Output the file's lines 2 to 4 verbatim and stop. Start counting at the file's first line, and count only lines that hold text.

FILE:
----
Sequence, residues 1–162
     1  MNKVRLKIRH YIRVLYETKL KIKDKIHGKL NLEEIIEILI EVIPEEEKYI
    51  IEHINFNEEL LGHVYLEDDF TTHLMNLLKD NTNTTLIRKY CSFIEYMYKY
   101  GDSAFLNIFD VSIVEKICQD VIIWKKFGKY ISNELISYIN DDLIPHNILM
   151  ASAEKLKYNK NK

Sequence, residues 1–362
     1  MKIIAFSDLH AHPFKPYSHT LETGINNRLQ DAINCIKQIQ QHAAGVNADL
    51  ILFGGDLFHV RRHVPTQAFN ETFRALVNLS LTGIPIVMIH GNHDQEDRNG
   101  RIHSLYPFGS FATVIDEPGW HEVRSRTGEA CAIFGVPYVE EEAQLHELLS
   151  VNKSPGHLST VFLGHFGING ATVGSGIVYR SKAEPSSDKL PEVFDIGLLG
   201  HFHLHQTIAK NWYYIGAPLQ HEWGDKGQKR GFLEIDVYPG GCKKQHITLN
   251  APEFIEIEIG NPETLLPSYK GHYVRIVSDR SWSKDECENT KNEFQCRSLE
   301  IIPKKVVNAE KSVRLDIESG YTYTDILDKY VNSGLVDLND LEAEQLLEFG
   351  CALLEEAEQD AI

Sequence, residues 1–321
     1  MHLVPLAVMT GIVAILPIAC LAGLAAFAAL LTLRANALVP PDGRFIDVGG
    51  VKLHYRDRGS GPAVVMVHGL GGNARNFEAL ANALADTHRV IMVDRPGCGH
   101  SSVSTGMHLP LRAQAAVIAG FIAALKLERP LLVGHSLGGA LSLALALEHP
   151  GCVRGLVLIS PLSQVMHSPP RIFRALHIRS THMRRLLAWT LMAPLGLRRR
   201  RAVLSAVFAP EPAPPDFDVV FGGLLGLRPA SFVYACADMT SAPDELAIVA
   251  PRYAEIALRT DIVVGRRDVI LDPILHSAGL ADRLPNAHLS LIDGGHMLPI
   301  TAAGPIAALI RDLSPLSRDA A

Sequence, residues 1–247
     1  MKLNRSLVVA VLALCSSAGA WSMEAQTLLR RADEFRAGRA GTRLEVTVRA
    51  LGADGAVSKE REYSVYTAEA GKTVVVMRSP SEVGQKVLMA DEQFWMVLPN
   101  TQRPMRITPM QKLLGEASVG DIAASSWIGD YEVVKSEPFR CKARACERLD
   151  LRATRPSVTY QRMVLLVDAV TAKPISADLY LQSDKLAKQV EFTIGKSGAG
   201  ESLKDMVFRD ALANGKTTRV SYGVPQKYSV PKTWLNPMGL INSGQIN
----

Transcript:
     1  MNKVRLKIRH YIRVLYETKL KIKDKIHGKL NLEEIIEILI EVIPEEEKYI
    51  IEHINFNEEL LGHVYLEDDF TTHLMNLLKD NTNTTLIRKY CSFIEYMYKY
   101  GDSAFLNIFD VSIVEKICQD VIIWKKFGKY ISNELISYIN DDLIPHNILM